> their own atlatls. The workshop will be 10 a.m. - 4 p.m., September 17,
> 1999 at Chimney Point State Historic Site. A $50.00 registration fee
> includes materials. Pre-registration is required and class size is
> limited.
>
> Workshop participants will be able to use their completed atlatls in the
> Fourth Annual Northeastern Open Atlatl Championship, on 10:30 a.m. - 4:30
> p.m. Sept. 18 at Chimney Point.
>
> Chimney Point State Historic Site is devoted to telling the story of
> Vermont's Native American and French heritage. Native Americans have used
> the area as a seasonal camp for several thousand years. The French
> fortified the region and established settlements during the 1730s-1750s.
>
> The Chimney Point Museum is housed in an historic tavern building that
> operated as an inn at the turn of the century. Chimney Point is open
> Wednesday - Sunday, 9:30 a.m. - 5:30 p.m. It is located by the Champlain
> Bridge at the junction of Routes 17 and 125. Admission is $2.00 for
> adults; children under 15 are admitted for free. For more information
> about this event or other programs at the site, call 802-759-2412.
>
>
> Important Discovery Made At Coolidge Site
For more information, contact John Dumville at 802-828-3046
([log in to unmask])

> PLYMOUTH NOTCH, Vt.-- Rare examples of Calvin Coolidge's clothing have
> been discovered at the President Calvin Coolidge State Historic Site in
> Plymouth Notch, Vermont. The apparel has been part of the site's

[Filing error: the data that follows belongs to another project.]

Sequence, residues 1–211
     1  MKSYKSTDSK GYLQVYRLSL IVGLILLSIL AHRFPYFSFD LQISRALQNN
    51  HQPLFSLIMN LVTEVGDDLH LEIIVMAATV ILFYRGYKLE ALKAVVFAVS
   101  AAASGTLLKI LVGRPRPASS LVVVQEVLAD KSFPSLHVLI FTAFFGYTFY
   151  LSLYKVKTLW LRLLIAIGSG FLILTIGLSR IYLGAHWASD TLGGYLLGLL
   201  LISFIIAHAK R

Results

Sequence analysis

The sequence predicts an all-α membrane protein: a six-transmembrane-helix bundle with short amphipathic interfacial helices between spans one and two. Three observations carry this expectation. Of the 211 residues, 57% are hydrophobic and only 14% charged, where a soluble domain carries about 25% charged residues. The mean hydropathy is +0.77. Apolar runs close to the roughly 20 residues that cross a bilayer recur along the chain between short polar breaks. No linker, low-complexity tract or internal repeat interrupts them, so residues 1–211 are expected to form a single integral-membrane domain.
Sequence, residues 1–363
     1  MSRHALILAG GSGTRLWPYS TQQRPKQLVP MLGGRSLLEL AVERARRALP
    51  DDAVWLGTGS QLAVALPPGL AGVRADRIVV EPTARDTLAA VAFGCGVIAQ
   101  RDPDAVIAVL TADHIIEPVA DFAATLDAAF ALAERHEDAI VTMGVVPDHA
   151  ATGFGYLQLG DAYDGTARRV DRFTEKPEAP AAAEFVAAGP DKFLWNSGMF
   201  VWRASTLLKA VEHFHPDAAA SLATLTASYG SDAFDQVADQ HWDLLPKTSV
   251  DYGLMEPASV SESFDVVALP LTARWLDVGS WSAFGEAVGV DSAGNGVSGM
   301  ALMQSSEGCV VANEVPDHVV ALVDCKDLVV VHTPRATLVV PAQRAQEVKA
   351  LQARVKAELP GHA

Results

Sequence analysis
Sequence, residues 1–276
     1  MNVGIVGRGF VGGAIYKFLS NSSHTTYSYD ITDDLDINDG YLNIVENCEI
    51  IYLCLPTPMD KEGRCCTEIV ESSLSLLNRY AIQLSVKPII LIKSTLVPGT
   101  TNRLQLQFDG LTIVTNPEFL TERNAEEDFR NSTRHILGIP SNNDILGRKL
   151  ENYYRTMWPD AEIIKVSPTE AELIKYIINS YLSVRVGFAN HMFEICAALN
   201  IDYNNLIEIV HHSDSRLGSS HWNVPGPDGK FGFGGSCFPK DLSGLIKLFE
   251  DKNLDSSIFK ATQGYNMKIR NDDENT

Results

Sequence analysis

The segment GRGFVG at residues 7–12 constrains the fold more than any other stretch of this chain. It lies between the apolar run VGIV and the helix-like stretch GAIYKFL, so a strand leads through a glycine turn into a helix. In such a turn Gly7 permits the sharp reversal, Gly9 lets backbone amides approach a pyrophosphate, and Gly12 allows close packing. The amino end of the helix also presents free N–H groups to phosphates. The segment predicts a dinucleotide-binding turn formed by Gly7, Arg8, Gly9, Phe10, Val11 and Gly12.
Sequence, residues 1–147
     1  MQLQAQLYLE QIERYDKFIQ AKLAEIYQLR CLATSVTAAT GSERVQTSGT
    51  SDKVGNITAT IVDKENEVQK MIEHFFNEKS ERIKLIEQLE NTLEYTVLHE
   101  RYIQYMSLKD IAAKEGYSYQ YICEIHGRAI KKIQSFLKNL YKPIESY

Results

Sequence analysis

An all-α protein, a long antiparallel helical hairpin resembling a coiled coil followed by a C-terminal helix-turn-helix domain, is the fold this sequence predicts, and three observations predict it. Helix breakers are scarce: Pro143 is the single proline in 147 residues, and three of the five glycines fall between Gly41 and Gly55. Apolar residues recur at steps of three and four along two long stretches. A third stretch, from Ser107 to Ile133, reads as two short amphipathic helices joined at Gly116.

> collection for many years and was in a storage trunk labeled as belonging
> to Col. John Coolidge, the President's father.
>
> The clothing's true provenance was determined when the trunk was
> thoroughly examined last week by volunteer Curatorial Assistant Gayl
> Braisted, who noticed one of the jackets was too small to have been
> Colonel Coolidge's. An examination of a period photograph revealed that
> the jacket was worn by the future president at his 1890 graduation from
> Black River Academy in Ludlow.
>
> Even more exciting was the treasure found in one of the pockets, a copy of
> the graduation program, which Cal Coolidge himself may have folded up and
> put away for safekeeping. "We just couldn't believe our luck," says
> Braisted. "And the story doesn't end there. Naturally, we started
> checking the pockets of the other garments, and sure enough, a very
> stylish dinner jacket yielded the type-written text of song delivered by
> the Northampton delegation at the 1925 Inauguration."
>
>
> The find consists of several jackets, slacks, and vests dating from
> Coolidge's boyhood through his presidency. Until this discovery there
> were only a few known examples Calvin Coolidge's clothing. A formal dress
> suit, shoes, and a linen hat existed in the Plymouth collection and some
> hats are exhibited at the Forbes Library in Northampton, Massachusetts.
> Examples of President Coolidge's wardrobe are very rare, as Grace Coolidge
> distributed most of it to charities after the President's death in 1933.
> Before giving clothing away, Mrs. Coolidge carefully removed all
> identifying marks so that Coolidge clothing is now very difficult to
> authenticate.
>
> The clothing has now been officially incorporated into the collection of
> the President Calvin Coolidge State Historic Site. Plans are underway to
> display these items in a special exhibit at the site next season.
>